Williamsburg—On Oct. 31, 2012, Naomi Hetrick, of Richmond, was making a routine morning commute to Bluegrass Technical and Community College in Lexington, where she was studying social work. What seemed like an average day, quickly turned awry as Hetrick pulled out of the parking lot and was blindsided by another vehicle.
With a severely mangled car and her life on the line, it was divine intervention that saved Hetrick’s life.
“They said I died at the scene of the accident,” Hetrick said. “But thankfully, I was resuscitated by an ambulance nearby carrying a cancer patient.”
After being aided by the nearby ambulance, they awaited the arrival of another ambulance that rushed her to intensive care at University of Kentucky’s Medical Center. Months passed by while Hetrick lay in a comatose state. While the future of her physical body seemed to bleak, family and friends held on to what they knew was true spiritually, and that was that God was in control.
In April of 2013, she was relocated to Cardinal Hill to begin her therapy process in the Disorders of Consciousness Program. With a team of therapists, Hetrick was able to receive mental and physical stimulation to aid her recovery process.
“By summer I was using a walker and in late fall, I was only using a cane,” she said.
With the drive, grit and determination to get stronger each day, Hetrick not only wanted to improve her physical state, but she wanted to challenge herself mentally as well. Last spring, she enrolled in the School of Life Long Learning Program at University of the Cumberlands.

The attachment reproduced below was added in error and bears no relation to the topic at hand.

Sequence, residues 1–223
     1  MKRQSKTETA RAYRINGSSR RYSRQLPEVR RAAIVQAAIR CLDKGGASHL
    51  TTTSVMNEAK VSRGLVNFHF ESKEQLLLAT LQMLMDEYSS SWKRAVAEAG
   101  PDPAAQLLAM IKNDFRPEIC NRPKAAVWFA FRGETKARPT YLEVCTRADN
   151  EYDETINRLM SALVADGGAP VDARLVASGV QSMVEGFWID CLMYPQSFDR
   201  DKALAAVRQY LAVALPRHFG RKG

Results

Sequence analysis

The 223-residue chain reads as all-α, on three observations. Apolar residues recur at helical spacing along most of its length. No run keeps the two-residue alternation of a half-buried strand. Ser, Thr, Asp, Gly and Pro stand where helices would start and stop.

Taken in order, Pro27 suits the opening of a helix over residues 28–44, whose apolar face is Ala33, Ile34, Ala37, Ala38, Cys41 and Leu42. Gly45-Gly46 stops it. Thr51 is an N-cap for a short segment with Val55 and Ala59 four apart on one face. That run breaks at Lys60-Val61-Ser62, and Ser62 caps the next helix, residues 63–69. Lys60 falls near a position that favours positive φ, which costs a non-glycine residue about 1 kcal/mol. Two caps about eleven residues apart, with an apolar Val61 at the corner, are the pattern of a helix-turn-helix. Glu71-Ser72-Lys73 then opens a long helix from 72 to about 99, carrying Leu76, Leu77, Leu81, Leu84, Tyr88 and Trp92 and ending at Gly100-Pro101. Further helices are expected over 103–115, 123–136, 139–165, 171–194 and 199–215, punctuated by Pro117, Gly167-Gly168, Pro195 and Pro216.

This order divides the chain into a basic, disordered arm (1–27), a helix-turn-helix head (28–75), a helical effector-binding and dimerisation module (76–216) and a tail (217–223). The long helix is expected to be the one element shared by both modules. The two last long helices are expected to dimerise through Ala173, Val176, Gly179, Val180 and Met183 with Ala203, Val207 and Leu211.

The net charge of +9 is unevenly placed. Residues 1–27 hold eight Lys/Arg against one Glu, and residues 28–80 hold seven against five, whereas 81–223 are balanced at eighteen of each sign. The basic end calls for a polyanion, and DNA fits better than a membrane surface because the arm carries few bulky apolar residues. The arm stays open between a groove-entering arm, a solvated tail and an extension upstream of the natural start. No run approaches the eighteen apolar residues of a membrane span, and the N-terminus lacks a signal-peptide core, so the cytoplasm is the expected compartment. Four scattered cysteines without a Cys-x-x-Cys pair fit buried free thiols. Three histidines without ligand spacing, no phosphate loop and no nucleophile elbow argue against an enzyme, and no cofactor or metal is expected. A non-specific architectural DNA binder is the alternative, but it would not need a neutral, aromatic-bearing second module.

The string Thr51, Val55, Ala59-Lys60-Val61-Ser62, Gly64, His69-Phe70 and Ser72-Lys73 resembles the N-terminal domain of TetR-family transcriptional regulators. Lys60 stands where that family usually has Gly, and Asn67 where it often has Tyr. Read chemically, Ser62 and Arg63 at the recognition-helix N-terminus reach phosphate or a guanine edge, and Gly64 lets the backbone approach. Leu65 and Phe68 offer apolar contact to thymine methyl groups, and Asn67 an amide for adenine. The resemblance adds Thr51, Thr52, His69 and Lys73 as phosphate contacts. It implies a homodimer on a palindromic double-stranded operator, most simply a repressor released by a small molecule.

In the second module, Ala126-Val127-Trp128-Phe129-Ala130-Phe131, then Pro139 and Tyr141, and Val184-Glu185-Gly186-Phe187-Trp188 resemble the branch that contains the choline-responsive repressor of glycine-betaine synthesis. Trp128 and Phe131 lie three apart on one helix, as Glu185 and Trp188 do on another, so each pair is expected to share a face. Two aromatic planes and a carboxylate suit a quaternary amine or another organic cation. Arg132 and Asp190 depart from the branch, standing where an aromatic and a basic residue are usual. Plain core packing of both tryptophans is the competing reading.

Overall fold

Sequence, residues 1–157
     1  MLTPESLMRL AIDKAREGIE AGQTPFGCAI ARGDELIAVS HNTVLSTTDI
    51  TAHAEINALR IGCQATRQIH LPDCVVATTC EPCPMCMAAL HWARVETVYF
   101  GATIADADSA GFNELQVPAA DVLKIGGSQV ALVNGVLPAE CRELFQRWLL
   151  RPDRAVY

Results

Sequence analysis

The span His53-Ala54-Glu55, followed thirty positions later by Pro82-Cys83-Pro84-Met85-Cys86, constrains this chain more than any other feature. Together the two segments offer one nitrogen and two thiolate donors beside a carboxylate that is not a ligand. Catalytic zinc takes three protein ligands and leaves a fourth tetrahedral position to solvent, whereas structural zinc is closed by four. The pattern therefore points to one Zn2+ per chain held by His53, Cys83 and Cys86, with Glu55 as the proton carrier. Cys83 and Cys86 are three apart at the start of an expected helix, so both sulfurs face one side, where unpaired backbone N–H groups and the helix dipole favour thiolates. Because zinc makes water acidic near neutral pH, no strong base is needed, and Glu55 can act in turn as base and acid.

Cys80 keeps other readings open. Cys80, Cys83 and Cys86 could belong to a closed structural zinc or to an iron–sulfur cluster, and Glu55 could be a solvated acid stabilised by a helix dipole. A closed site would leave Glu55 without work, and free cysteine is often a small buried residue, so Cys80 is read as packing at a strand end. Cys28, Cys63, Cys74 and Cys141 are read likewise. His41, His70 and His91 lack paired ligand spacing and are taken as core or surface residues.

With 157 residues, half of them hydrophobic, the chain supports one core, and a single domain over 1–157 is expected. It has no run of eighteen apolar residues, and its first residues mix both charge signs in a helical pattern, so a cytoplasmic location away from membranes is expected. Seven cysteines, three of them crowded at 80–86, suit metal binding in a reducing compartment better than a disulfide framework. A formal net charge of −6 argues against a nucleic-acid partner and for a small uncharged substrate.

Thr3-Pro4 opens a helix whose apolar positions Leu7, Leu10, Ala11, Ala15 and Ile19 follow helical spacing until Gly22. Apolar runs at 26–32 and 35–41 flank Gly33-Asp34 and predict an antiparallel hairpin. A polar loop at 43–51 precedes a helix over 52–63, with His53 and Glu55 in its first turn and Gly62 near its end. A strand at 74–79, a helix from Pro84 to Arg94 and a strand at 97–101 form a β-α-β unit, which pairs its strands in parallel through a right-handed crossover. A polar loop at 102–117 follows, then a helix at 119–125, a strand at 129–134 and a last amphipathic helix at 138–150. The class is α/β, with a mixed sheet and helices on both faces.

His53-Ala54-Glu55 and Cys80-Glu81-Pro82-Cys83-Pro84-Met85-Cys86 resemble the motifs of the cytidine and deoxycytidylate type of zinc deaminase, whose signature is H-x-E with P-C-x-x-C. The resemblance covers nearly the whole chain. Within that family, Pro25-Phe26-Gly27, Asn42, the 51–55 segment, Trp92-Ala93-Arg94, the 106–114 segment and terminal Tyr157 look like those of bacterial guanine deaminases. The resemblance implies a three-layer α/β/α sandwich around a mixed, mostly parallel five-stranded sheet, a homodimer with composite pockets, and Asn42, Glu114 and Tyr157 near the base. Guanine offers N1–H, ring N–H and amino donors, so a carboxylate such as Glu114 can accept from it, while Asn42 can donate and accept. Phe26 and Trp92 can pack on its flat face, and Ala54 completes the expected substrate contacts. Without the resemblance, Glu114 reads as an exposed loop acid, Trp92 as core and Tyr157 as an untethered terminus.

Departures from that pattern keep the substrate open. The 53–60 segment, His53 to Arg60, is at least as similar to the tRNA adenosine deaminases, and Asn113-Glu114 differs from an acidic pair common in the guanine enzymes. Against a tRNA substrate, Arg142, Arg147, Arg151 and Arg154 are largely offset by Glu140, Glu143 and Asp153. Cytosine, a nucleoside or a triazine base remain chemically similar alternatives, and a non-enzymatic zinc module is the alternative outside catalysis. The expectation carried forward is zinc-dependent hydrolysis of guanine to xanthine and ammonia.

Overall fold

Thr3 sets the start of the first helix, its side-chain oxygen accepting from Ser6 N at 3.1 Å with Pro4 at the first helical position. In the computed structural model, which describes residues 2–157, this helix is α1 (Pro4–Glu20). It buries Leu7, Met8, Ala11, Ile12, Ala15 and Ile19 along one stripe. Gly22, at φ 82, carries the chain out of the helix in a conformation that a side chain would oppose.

Steven Halsted of the Human Services Department said, “It was a dream of hers to be a social worker and help people. Now with the online program, she can continue following that dream.”
Hetrick acknowledged the impact that Halsted has had on her educationally. Through challenging his class with real life application scenarios, she stated, “He has been patient with me, given me so many pointers, and has taught me so much.”
Following her extended stay in the hospital, Hetrick still has plans to go into social work, but more specifically working in a hospital.
As much influence that Halsted has had on Hetrick, the same can be said about the influence that she has had on Halsted. Halsted noted the difference that Hetrick has made in the classroom as a whole.
From students praising her for being a source of encouragement in the classroom discussion boards, all the way to Halsted seeing classmates challenge themselves more because of her work ethic, Hetrick has been a light.
“She is a survivor and overcomer. I am humbled by her,” said Halsted. “I know she will do fantastic in whatever she decides to do.”
Although her physical and mental accomplishments could be credited to the EMTs in the ambulance on the accident scene, the therapists at Cardinal Hill, or Halsted in the classroom, it was Hetrick’s heart, determination and faith that allowed her to be the overcomer that she is.
“I know that God is going to accomplish His plan and His plan is perfect. I may not understand it but Romans 8:28 tells me that it’s for my good,” stated Hetrick, who attends Tates Creek Baptist Church in Lexington.
“I know that one day I will be thanking Him for an eternity, and I figure I might as well be thanking Him now,” she said. (UC)